And so that was season one, running from 23rd November 1963 to 12 September 1964. Oh wait, getting a little ahead of myself…
For no reason other than I wanted to, I’ve decided to re-watch Doctor Who in its entirety — well, I say entirety, but of course there are many episodes, from the ’60s, that no longer exist. Thus I will be watching every full story that is commercially available, and for the purpose of the re-watch that includes stories completed with animated episodes. This does, unfortunately, mean I will be skipping certain stories entirely — which becomes a problem from the third to fifth seasons especially, as so little exists from this three years.
This past week I’ve been watching the first season, which pretty much exists completely. It’s a good thing — no, scratch that, it’s a great thing! The first season is a solid piece of television in its own right, and sets the building blocks for the Doctor Who that everybody loves so much these days. It’s a gradual build, though; much like the first series of Nu Who, the first season of Doctor Who builds things up slowly. It’s not until the penultimate story, for instance, that the Doctor begins to simply get involved in the adventure to help out others. Up to that point, the Doctor was only concerned with himself and Susan, his granddaughter and then, as the season progressed, his circle of concern encompassed Ian and Barbara, his initially reluctant companions. Indeed, at first, the Doctor was very much opposed to the presence of Ian and Barbara, thinking only of himself and, occasionally, Susan. It was his selfish desire that got them into trouble, for instance, in The Daleks. Another important thing to note about this first season; the main characters are very well defined, rounded and real. They’re not defined by particular traits which remain the same throughout, but their views and reactions are entirely dependent on whatever situation they find themselves in. Much as would be the case with any real person when put into extreme situations. And they don’t always get on — Barbara is in direct opposition with the Doctor in The Aztecs, the Doctor is more than willing to cast suspicion on the school teachers in The Edge of Destruction… The list goes on.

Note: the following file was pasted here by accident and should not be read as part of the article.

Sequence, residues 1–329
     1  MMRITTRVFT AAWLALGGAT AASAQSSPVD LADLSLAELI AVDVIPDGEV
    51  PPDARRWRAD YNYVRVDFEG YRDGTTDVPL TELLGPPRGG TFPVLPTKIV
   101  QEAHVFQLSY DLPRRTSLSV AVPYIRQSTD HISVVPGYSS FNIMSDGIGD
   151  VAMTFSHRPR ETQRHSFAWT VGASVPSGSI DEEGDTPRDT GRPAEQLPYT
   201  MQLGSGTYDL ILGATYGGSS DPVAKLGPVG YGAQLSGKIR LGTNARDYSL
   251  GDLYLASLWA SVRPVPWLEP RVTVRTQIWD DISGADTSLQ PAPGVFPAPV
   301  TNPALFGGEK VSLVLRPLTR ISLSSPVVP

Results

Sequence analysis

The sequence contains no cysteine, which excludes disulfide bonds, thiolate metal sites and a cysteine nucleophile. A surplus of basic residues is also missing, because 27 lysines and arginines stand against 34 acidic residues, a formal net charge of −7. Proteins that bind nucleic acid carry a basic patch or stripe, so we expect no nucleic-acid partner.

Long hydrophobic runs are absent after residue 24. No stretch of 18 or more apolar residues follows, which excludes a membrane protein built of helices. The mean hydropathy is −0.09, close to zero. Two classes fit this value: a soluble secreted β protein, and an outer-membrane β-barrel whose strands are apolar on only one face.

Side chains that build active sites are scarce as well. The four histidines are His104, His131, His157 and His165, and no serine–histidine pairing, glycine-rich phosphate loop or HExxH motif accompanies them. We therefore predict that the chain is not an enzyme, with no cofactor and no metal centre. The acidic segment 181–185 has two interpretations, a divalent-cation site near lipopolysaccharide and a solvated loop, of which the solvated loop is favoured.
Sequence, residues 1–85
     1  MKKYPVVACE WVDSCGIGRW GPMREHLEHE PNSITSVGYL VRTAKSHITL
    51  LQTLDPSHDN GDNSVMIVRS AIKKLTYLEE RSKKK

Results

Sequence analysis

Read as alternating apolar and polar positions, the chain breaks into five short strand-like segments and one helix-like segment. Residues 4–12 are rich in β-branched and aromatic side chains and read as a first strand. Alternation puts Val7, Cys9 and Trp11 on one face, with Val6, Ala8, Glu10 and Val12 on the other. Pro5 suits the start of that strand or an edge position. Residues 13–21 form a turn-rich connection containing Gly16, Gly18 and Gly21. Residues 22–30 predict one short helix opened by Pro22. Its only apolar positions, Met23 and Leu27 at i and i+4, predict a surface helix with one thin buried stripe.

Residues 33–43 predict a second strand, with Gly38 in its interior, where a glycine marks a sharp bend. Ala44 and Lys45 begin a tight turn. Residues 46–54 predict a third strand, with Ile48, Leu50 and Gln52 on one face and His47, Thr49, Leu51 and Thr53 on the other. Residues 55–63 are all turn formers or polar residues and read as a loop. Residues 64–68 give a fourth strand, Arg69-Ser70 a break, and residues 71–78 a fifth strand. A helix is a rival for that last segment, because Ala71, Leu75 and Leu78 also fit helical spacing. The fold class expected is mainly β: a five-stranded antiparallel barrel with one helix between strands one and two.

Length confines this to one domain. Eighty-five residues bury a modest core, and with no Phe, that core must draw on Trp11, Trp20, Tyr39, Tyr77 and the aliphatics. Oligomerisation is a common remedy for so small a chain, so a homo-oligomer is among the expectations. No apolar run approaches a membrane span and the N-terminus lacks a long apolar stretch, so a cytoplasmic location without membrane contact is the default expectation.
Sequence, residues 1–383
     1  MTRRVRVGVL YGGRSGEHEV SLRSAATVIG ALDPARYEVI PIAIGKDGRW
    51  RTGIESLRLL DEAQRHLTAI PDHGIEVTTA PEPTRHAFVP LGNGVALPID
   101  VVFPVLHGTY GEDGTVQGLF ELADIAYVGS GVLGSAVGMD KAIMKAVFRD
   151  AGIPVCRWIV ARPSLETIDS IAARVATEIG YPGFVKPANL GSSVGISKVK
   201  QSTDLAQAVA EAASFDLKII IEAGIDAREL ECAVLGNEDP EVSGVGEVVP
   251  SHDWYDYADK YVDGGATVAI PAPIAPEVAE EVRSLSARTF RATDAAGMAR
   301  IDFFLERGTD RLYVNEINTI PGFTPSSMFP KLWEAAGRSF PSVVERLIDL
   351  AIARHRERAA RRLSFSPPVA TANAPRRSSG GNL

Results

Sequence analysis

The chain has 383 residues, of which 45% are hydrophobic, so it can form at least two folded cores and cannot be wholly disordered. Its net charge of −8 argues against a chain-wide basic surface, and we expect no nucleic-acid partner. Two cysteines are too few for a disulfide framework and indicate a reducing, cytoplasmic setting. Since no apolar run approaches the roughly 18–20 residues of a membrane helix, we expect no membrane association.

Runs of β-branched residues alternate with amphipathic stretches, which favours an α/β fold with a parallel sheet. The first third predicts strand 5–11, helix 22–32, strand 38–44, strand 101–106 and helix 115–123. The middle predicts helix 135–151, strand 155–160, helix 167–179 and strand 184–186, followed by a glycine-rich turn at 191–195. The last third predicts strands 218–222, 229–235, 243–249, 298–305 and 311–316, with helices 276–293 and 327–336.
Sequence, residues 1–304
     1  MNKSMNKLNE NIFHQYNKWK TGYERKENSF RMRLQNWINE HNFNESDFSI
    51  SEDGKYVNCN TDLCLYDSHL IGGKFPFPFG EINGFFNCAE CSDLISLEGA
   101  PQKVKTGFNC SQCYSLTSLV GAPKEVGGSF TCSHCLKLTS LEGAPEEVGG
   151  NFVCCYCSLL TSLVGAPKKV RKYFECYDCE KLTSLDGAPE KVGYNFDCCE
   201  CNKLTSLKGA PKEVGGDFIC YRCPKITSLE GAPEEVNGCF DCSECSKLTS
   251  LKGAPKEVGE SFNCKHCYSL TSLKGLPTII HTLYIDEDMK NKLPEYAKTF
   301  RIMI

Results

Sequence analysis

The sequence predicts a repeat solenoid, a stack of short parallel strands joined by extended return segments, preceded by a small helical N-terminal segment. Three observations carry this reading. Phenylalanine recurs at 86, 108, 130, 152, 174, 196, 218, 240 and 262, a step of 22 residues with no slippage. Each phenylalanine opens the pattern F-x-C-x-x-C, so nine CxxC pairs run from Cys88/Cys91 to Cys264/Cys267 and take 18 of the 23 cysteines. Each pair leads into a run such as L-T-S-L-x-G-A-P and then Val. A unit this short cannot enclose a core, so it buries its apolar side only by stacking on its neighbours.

So, minus Marco Polo as it doesn’t exist any more, this is my run down of season one from least favourite to favourite. (Although I must stress, the very first episode is a masterpiece, but is let down by the subsequent three episodes. And there are not really any dud stories in this first season.)
- The Keys of Marinus
- The Edge of Destruction
- An Unearthly Child
- The Sensorites
- The Daleks
- The Aztecs
And the winner of BEST STORY OF SEASON ONE is…
Please do share your thoughts and comments on the triumphant first season below…
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